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The Draeger Alcotest 9510 Breath Machines-A History of Problems

Posted Wednesday, October 10, 2018 by Andrew Charles Huff

Many know by now that our state has now implemented the new breath-alcohol testing machine Draeger AlcoTest 9510 to replace its aging fleet and DataMaster machines that have been used for the past 30 years. However, this device illustrates the latest case of technology having real life consequences on those accused of crimes. This is because these machines have raised significant issues about their source code, calibration process, law enforcement agencies, and the German manufacturer of the Draeger.

Draeger Aloctest 9510

A person arrested for DUI in Washington will most likely be asked to submit to a breath test on the new Draeger. What was shocking to learn was that State Toxicologist Fiona Couper had sent an email in early 2009 stating that the State should “throw caution to the wind” and deploy the Draeger without independent testing. This “throw caution to the wind” approach doesn’t encourage confidence when deciding on a machine that could add to the fate of so many citizens.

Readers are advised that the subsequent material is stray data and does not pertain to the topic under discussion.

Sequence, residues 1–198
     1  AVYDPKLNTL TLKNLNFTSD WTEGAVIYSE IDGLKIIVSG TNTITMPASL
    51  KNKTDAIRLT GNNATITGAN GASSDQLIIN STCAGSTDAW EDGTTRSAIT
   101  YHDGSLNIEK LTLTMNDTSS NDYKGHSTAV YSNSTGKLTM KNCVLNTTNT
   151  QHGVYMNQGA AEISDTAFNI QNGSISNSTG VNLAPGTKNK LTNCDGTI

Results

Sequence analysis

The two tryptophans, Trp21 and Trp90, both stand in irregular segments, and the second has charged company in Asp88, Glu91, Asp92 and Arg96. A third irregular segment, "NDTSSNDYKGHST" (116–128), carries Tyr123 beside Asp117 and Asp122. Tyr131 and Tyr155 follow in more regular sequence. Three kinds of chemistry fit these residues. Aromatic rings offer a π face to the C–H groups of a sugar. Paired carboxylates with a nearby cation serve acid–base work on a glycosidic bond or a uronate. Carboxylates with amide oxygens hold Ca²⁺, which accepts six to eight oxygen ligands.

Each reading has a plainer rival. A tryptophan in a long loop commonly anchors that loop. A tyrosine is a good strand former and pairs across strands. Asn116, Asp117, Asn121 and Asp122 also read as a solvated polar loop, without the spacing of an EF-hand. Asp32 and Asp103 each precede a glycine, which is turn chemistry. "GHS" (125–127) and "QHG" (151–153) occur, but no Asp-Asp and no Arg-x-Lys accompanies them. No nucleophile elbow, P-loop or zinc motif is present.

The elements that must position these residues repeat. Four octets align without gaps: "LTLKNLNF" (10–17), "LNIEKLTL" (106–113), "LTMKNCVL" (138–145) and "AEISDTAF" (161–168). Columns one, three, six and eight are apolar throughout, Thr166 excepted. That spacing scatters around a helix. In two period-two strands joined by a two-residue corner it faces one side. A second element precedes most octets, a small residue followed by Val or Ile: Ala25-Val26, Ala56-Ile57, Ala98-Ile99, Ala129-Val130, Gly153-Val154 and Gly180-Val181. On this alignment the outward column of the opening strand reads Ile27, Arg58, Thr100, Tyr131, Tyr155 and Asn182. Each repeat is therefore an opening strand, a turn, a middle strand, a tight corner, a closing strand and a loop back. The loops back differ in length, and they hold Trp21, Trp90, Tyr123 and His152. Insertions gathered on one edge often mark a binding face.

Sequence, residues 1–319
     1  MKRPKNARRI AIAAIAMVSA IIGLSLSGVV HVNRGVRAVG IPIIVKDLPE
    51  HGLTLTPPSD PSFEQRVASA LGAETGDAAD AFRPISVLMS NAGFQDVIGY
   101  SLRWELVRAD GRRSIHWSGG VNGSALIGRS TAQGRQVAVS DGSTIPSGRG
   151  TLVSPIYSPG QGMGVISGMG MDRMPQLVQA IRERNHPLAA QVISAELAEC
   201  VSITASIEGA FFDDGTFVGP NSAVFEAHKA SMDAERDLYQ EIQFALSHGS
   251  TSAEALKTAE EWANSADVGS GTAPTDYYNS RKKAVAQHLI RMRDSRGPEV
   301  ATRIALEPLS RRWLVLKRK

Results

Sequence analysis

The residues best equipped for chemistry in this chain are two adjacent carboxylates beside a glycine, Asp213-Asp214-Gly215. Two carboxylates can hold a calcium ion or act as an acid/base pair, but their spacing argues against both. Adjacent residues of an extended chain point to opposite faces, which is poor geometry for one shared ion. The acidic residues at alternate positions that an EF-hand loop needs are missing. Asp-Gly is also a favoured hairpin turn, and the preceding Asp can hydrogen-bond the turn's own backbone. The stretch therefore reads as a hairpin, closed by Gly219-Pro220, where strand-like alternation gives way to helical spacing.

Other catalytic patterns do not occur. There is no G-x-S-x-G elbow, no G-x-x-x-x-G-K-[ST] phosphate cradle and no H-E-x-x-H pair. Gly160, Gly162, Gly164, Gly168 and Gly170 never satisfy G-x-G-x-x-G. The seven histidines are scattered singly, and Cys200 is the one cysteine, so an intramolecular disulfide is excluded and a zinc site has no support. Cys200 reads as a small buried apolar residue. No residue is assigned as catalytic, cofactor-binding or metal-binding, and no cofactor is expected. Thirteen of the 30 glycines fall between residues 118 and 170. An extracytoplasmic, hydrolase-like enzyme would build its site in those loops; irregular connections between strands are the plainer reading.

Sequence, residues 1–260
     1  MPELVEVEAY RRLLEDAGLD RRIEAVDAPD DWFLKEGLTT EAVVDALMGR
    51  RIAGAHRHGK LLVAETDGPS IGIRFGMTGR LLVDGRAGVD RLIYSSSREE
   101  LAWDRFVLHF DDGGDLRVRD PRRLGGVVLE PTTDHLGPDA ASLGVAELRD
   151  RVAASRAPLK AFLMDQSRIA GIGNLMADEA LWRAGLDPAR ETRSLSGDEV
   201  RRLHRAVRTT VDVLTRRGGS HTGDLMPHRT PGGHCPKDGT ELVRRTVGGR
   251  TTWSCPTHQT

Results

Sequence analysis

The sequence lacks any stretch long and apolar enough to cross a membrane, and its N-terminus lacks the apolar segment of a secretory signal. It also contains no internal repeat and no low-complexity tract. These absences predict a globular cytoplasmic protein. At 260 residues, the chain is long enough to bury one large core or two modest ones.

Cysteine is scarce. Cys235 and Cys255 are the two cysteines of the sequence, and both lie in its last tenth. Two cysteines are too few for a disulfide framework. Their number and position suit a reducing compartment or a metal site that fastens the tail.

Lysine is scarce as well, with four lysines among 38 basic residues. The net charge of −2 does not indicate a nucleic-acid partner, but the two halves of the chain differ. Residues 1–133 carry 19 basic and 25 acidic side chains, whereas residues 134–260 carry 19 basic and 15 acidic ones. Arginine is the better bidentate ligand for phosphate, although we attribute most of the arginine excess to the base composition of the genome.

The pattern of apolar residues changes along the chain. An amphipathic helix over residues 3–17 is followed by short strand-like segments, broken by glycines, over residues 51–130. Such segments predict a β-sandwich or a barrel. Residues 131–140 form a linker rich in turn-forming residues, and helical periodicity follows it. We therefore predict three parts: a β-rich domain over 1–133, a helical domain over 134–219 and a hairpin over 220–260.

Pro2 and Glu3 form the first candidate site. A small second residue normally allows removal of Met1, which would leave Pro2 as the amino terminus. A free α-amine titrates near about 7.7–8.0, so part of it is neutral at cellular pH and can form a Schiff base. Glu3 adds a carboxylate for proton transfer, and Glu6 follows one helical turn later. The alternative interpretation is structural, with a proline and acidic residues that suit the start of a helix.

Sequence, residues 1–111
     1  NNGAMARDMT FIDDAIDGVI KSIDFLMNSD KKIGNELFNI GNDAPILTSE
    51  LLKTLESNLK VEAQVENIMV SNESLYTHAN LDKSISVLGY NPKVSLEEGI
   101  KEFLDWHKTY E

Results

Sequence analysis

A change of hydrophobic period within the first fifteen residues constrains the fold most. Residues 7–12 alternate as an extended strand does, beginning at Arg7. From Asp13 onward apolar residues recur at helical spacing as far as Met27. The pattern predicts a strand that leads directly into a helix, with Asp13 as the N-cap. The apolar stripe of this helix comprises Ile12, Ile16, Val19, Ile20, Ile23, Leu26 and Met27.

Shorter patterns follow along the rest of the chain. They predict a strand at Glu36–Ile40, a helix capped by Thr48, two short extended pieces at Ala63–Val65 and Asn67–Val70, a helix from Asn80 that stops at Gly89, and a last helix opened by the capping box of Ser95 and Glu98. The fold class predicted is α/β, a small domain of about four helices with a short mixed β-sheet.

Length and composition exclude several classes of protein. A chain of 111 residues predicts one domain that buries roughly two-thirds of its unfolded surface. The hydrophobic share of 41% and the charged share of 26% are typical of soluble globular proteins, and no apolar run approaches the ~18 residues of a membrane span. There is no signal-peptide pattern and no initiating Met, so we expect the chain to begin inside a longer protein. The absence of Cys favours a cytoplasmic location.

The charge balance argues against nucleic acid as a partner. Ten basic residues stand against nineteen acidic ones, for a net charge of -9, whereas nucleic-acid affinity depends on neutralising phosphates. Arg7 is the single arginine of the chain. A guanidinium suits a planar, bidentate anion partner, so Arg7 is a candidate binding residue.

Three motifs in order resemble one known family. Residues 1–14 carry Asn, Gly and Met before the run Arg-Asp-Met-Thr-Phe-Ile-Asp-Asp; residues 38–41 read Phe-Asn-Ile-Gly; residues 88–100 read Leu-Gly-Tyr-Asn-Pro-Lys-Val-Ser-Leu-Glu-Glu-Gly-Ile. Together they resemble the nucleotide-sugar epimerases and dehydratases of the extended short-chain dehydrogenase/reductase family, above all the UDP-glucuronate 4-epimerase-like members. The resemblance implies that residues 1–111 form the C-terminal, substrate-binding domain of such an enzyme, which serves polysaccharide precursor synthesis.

The dispute began 10 years ago when Washington state police awarded Draeger, a German medical technology maker, the contract to sell the Alcotest 9510 across the state. Two experts later wrote in a preliminary report that they found flaws in the source code that could produce inaccurate breath test results. Soon after, these experts presented their early findings to attendees at a conference for defense lawyers. However Draeger said this was a violation of a court-signed protective order the experts had agreed to, so the company threatened to sue. Due to the lawsuit, the research and final report was never completed. In response, Draeger claimed the company was protecting its source code and intellectual property, not attempting to hinder research.

This initial report revealed several issues in the code that they said could impact the result of an alcohol breath test. The Alcotest 9510 uses two sensors to measure the alcohol content in a person’s breath sample. An infrared beam measures how much light goes through the breath, while a fuel cell measures the electrical current of the sample. If the results of the two samples are too far apart, the test will be rejected. However, this report said that under some conditions the machine can return an inflated reading that might push a person over the legal limit. The report also uncovered issues with the way the device adjusts for the temperature of a person’s breath.

If you have been arrested for Driving Under the Influence, call my office at 206-729-3477 so we can discuss your case today.

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